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A group of Marines eagerly await deployment during World War II.
In January 1942, as many young men respond to the call for Marine Corp recruits, All-American athlete Danny Forrester boards a train in Baltimore, Maryland, after saying goodbye to his family and girl friend Kathy. The train picks up other recruits en route to the Marine training camp near San Diego, including womanizing lumberjack Andy Hookans, bookish Marion Hodgkiss, Navajo Indian Shining Lighttower, troublemaking "Spanish" Joe Gomez, L. Q. Jones of Arkansas, Speedy of Texas, and the Philadelphian Ski, who is eager to escape the slums, but upset to leave his girl friend Susan. Several weeks later, after the arduous training of boot camp, the men are accepted into radio school and assigned to the battalion commanded by Maj. Sam "High Pockets" Huxley. The Marines continue their military training and receive rigorous communication instruction from Sgt. Mac, but on weekends they get passes to San Diego. In a sleazy bar there, Ski drowns his sorrows in alcohol and women to forget that Susan has married another man. Concerned about him, Mac and his fellow Marines go to the bar, believing they are coming to his rescue, and get in a brawl with others there. Danny is saved from excessive drinking by the married USO worker Elaine Yarborough, and begins a relationship with her, until Mac, noticing a change in his performance, arranges for him to call Kathy long-distance. Recognizing the young man's loneliness, Mac and Huxley grant him a furlough to Baltimore, during which Danny elopes with Kathy. Meanwhile, the meditative Marion, who hopes to write about his wartime experiences, meets the beautiful and mysterious Rae on the Coronado ferryboat. Although she meets him there frequently and seems to admire him greatly, she will not share with him details about her life. Marion learns why she has been evasive, when she shows up with other B-girls ordered by Joe, at a party celebrating the regiment's orders to ship out. The men are sent to Wellington, New Zealand, where they are warmly received. Andy, who respects no woman, tries to woo the married Pat Rogers by suggesting that he fill the void left by her husband, whom he believes is fighting in Africa. After the offended Pat tells him her husband died in action, Andy apologizes for the first time ever. Pat later invites the reformed Andy to visit her parents' farm, where, despite their attraction, they agree to remain friends only. After Christmas, the Sixth Regiment, now known as "Huxley's Harlots," is sent to Guadalcanal after the invasion to "mop up" a resistant band of Japanese soldiers. Afterward, the battle-weary men, minus Ski, who was killed by a sniper, return to New Zealand, where Pat nurses the malaria-stricken Andy and decides to risk a short-term romance with him. To restore the men's stamina, Huxley, newly promoted to lieutenant colonel, orders them to compete in a brutal 60-mile hike, and while other companies are trucked back to camp, Huxley has his men hike the whole way, blistered and near collapse, but in record-breaking time. Aware that his men are special, Huxley is frustrated when they are not ordered to Tarawa with the main invasion, but held back to clear out remaining Japanese resistance afterward. Pat is afraid of losing another love to the war and tells Andy that she wants to break up, but Andy refuses and asks her to marry him. Although frightened, she accepts and only then admits that she is pregnant. With Huxley's assistance in cutting through red tape, Andy and Pat marry, but two days later, when the men are to ship out, Andy considers deserting to stay with Pat. Instead of arresting him, Huxley asks Pat to convince Andy to return voluntarily. At Tarawa, Huxley's men fulfill their mission, but Marion and many others are killed. Afterward, while standing by on reserve on a Hawaiian island, Huxley receives word that other battalions are being moved out for combat. Sensing the restlessness of his men, Huxley risks court-martial to convince Gen. Snipes that the talents of his battalion are being wasted. Although at first offended by Huxley's "impudence," Snipes assigns the battalion to the invasion of Red Beach, the most dangerous mission in the Saipan campaign. The men are isolated from the rest of the division, and suffer heavy casualties from artillery fired from the hills above them. Huxley is killed, and Danny and Andy are seriously injured. However, the battalion holds out until a Navy destroyer pins down the Japanese, freeing the Marines to complete their mission. Later, at a rest camp, while recuperating from the loss of a leg, Andy becomes too demoralized to communicate with Pat or his concerned friends, but tough words from Mac make him realize that Pat still loves him. Andy returns to her and his baby son after completing rehabilitation. Danny is also given a medical discharge and returns by train to Baltimore, accompanied by Mac, who is visiting the families of men killed in action. In Baltimore, they say goodbye and Danny reunites with the waiting Kathy, as fresh recruits board the train.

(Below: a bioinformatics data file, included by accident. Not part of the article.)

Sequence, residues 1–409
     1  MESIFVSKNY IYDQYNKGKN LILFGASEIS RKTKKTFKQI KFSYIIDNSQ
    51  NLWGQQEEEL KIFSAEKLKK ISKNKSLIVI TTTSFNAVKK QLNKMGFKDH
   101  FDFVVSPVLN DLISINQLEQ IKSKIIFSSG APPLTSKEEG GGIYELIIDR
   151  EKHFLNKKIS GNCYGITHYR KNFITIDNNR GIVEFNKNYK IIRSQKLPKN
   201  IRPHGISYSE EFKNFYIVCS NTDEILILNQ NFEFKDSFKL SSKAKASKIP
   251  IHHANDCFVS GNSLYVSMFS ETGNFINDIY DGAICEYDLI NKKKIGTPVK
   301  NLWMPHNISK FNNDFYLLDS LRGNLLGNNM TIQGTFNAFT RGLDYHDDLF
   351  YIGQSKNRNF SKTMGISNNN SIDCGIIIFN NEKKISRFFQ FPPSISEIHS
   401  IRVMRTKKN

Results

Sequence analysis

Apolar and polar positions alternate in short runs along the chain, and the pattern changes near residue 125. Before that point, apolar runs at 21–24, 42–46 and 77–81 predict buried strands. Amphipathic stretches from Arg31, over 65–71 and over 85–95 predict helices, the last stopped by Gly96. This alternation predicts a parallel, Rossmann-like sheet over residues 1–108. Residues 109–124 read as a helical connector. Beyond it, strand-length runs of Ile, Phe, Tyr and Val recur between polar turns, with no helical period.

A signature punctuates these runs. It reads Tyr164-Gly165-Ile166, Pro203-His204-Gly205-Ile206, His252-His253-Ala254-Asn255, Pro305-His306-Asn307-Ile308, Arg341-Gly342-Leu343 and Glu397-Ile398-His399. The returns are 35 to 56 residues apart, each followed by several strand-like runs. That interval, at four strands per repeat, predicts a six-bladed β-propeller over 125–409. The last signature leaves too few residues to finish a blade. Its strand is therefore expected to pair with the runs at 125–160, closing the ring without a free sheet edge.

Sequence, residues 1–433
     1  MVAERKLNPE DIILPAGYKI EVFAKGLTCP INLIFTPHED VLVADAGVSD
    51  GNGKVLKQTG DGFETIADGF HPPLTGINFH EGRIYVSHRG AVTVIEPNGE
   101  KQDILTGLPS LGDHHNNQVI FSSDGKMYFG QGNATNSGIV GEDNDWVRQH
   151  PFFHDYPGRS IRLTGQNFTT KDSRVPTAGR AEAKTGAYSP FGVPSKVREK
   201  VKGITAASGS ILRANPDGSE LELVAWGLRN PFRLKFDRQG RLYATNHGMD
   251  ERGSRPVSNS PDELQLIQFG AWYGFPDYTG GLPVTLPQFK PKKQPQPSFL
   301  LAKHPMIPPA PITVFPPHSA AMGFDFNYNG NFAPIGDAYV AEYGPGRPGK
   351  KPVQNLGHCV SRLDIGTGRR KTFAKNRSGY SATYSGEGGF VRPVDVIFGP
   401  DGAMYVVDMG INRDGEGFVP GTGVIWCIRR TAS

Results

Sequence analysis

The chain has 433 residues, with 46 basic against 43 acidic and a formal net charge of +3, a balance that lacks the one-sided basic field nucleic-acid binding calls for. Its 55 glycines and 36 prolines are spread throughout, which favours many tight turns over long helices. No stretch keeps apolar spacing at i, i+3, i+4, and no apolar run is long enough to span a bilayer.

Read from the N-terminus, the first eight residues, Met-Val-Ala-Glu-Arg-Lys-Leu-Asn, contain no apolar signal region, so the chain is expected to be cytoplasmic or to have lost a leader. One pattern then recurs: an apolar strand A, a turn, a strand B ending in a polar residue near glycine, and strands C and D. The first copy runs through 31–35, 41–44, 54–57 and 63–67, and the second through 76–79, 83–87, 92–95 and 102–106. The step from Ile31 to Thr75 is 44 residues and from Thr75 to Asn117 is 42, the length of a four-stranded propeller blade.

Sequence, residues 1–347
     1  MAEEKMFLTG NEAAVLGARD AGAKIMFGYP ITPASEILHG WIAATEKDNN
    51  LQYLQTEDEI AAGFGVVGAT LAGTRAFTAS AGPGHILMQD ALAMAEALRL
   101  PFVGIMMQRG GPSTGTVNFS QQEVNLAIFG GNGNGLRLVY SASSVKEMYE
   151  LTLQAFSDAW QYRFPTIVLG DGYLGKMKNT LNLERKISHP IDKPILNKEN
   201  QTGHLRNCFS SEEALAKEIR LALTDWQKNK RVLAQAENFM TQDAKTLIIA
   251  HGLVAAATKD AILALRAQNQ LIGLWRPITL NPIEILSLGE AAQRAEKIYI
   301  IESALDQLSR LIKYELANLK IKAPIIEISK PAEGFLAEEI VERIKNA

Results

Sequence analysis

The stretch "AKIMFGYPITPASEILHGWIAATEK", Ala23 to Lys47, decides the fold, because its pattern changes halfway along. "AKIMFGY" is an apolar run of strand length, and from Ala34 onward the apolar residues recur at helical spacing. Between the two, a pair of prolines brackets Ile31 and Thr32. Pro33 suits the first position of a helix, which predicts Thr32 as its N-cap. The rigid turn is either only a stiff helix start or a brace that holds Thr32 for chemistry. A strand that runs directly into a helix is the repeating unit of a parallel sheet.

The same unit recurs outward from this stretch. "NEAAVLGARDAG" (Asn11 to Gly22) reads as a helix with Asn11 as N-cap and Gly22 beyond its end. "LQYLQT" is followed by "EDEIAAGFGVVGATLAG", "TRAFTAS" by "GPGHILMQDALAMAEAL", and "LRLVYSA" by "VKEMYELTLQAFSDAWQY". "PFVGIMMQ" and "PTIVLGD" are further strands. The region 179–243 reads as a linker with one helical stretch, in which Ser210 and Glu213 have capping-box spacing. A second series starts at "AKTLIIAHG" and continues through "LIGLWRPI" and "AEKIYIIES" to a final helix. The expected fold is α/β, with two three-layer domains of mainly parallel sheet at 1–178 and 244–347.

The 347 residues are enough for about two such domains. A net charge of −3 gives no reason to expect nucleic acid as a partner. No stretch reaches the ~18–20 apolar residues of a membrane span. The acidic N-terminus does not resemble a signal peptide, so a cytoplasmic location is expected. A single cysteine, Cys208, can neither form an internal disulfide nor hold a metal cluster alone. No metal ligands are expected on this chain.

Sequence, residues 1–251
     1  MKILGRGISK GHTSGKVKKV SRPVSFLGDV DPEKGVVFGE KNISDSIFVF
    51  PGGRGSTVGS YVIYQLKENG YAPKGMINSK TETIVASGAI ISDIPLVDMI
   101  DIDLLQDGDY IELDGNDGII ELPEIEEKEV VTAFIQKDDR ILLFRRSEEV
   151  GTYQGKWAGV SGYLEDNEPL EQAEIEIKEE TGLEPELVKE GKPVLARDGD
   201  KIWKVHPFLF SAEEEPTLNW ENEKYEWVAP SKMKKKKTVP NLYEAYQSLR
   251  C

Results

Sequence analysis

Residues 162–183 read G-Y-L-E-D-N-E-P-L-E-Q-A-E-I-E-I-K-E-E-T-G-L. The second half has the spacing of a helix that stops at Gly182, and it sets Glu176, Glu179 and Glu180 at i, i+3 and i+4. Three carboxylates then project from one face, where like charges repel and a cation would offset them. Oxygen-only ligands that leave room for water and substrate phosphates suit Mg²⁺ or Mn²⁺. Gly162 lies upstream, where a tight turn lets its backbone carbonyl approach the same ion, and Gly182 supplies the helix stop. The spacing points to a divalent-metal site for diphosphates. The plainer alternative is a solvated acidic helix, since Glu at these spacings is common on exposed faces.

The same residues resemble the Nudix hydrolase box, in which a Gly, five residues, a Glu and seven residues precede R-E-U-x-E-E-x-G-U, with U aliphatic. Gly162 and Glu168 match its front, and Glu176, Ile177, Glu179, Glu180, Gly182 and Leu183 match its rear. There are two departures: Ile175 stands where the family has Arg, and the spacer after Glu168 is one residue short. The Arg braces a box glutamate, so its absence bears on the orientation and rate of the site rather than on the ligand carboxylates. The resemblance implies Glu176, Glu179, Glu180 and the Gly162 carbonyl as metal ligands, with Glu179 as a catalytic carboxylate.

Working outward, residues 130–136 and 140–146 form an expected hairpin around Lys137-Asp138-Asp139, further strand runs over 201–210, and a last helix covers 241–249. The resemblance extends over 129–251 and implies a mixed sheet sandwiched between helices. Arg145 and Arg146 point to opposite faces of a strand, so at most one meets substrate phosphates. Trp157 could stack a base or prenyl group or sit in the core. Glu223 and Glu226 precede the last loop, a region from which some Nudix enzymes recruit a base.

Cast & Crew
|MPAA Ratings:||Premiere Info:||World premiere in Baltimore, MD: 1 Feb 1955; Los Angeles and New York openings: 2 Feb 1955|
|Release Date:||1955||Production Date:||
|Color/B&W:||Color (Warnercolor)||Distributions Co:||Warner Bros. Pictures, Inc.|
|Sound:||Mono (RCA Sound System)||Production Co:||Warner Bros. Pictures, Inc.|
|Duration(mins):||140 or 147-149||Country:||United States|
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From Montford Point to Camp Pendelton
I first saw Battle Cry in about 1962 or 63 when I was about 8 and my eldest brother was in boot camp at Camp Pendelton. I have seen it a hand full of times...
Battle Cry marching song
Clarence Hall 2013-09-07
Love the movie. The marching song is great ! I first saw it when it came out in 1955. I was 13 years old. 4 years later I was a Marine at Camp Pendelton .
Rob Roth 2012-05-10
Battle Cry as a period movie was well cast-with some good performances. My fave is James Whittamore-who I believe was a Marine vet. Of course perhaps...